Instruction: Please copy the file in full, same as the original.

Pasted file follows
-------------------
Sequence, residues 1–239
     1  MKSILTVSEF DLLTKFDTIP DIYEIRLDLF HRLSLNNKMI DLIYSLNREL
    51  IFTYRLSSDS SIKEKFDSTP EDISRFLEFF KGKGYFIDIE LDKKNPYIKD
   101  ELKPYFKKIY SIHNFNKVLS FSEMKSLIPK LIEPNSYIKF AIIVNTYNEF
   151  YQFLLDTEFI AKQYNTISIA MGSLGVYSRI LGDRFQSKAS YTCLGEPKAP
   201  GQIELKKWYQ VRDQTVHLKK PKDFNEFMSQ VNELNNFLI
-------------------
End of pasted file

Sequence, residues 1–239
     1  MKSILTVSEF DLLTKFDTIP DIYEIRLDLF HRLSLNNKMI DLIYSLNREL
    51  IFTYRLSSDS SIKEKFDSTP EDISRFLEFF KGKGYFIDIE LDKKNPYIKD
   101  ELKPYFKKIY SIHNFNKVLS FSEMKSLIPK LIEPNSYIKF AIIVNTYNEF
   151  YQFLLDTEFI AKQYNTISIA MGSLGVYSRI LGDRFQSKAS YTCLGEPKAP
   201  GQIELKKWYQ VRDQTVHLKK PKDFNEFMSQ VNELNNFLI